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The Bridge Interviews

Tom Benyon

Tom Benyon

July 2023

What do the following have in common? The Association of Lloyd’s Members; London Insurance Insider magazine; Zimbabwe - A National Emergency:; and the Community Emergency Food Bank. The answer is that they were all set up by this month’s interviewee either alone or in conjunction with others. Tom Benyon is a man with a rare gift for bringing people together in a common cause, starting new organisations and doing good works.

First, a little about his background. Tom was born in Suffolk in 1942 and was educated at Wellington School and the Royal Military Academy, Sandhurst from where he was commissioned into the Scots Guards. He did not stay in the army for long and instead moved into careers in business and politics. He stood for parliament at both the general elections of 1974 in safe Labour seats. In 1979 he was elected as Conservative MP for Abingdon. His predecessor was Airey Neave who was murdered by the IRA just before the general election that brought Margaret Thatcher to power. However his tenure was short as his seat was abolished in boundary changes so he left parliament in 1983. His continuing interest in politics is evidenced by his regular letters to The Times and other publications.

In all his endeavours Tom is aided and abetted by his wife of 55 years, Jane. “We met at a wedding and I knew within a week that I wanted to marry her.” He launched a campaign with flowers and chocolates, showing the determination he brings to all his projects. They have four children, three of whom are ministers in the Church of England. Thomas and Oliver are vicars in Bristol and Cambridge respectively while Clare is chaplain of Christ Church in Oxford. Asked how he achieved this, he says the explanation is simple: “I prayed fervently that one of my children would join Goldman Sachs and make a huge amount of money. This was the result”. The other child is Camilla who works in running training courses specialising in how to manage anger, something that many of us could benefit from occasionally. Between them they have provided Tom and Jane with 11 grandchildren.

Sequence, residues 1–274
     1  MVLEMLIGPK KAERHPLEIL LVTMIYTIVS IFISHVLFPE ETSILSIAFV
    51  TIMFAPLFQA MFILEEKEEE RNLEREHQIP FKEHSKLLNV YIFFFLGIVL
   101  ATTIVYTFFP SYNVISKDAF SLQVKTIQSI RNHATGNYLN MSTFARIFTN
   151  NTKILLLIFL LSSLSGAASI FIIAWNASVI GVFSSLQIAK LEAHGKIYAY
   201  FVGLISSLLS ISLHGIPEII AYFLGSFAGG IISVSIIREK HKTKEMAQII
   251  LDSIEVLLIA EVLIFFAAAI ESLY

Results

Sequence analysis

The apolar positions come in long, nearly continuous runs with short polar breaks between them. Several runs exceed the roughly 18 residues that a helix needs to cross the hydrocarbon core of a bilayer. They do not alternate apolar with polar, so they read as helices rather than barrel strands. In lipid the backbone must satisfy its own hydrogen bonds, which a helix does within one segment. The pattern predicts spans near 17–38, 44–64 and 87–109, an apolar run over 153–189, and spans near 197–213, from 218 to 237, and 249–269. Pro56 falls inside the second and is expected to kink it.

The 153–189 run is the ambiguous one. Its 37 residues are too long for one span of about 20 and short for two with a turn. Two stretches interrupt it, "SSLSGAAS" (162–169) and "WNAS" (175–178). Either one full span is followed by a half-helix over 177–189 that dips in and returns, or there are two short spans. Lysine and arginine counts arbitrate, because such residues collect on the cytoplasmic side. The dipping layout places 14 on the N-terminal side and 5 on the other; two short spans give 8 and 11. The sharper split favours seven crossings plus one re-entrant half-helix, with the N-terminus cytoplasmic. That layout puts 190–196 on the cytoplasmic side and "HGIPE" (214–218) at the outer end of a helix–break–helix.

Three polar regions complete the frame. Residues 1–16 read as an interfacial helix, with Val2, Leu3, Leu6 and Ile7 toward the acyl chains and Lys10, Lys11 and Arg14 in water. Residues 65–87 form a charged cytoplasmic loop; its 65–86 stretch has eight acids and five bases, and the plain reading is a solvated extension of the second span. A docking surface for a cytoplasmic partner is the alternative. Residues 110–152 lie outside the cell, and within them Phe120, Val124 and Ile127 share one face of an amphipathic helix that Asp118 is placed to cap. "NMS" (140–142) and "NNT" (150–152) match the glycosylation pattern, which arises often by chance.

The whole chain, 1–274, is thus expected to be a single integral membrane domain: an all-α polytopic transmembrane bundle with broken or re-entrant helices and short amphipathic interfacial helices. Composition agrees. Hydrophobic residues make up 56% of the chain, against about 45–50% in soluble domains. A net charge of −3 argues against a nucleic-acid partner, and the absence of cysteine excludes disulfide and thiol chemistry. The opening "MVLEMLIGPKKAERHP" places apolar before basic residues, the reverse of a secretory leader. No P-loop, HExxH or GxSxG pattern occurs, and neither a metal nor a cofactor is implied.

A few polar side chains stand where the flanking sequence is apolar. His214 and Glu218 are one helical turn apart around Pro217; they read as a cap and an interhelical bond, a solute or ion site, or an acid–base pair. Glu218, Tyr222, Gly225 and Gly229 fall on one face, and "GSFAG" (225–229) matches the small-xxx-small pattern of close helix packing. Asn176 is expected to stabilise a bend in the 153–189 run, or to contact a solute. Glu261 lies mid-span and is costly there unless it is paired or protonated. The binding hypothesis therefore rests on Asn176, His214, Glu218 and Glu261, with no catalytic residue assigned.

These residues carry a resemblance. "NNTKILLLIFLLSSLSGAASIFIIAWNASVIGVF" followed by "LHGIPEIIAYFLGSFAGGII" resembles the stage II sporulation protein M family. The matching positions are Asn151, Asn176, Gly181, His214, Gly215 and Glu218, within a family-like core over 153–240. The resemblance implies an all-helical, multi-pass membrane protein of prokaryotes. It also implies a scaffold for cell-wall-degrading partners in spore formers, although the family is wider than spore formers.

As a “Name” or investor in the Lloyd’s insurance market he was at the eye of the storm when many of the 34,000 members were faced with bankruptcy as a result of huge losses arising from asbestosis claims combined with the Piper Alpha oil platform disaster, the Exxon Valdez oil spill with a few hurricanes thrown in. He set up the Association of Lloyd’s Members to fight the authorities on behalf of the Names affected and his proud boast is that he started more legal actions in the Commercial Court than any other litigant in history (and in the process enriched lots of lawyers - it’s an ill wind).

His greatest achievement, however, has been to set up the charity Zimbabwe - a National Emergency (ZANE) in which he is still heavily involved as director of operations. The story begins with a chance encounter with Cathy Olds. Her husband had been a farmer in Zimbabwe who was murdered by henchmen of the former dictator, Robert Mugabe, who were engaged in taking possession of farms from their owners by violent means. Cathy, who additionally had suffered from polio, was left penniless. Tom was so moved by her story that he gave her some money to help her to resettle in Britain. Tom had never been to Zimbabwe so he arranged to stop off there during a business trip to South Africa. His first discovery was that there were many ex-service personnel there who were living in total poverty as their pensions had been made worthless by hyperinflation. “These were people who had fought for this country in forgotten wars - Korea, Borneo, Aden.” On his return home he set about lobbying the numerous charities for ex-service men and women to help and persuaded them to set up a partnership. (True to his belief in bringing people together, he is a great proponent of teaming up with others to advance a good cause.) ZANE was born with the help of several other supporters including Burford resident Jim Pringle, a man for whom Tom has enormous admiration. Tom ran the charity in conjunction with Nicky Passaportis who managed the Zimbabwe end while he looked after things here, principally fund raising. ZANE now has a team of 28 people in Zimbabwe.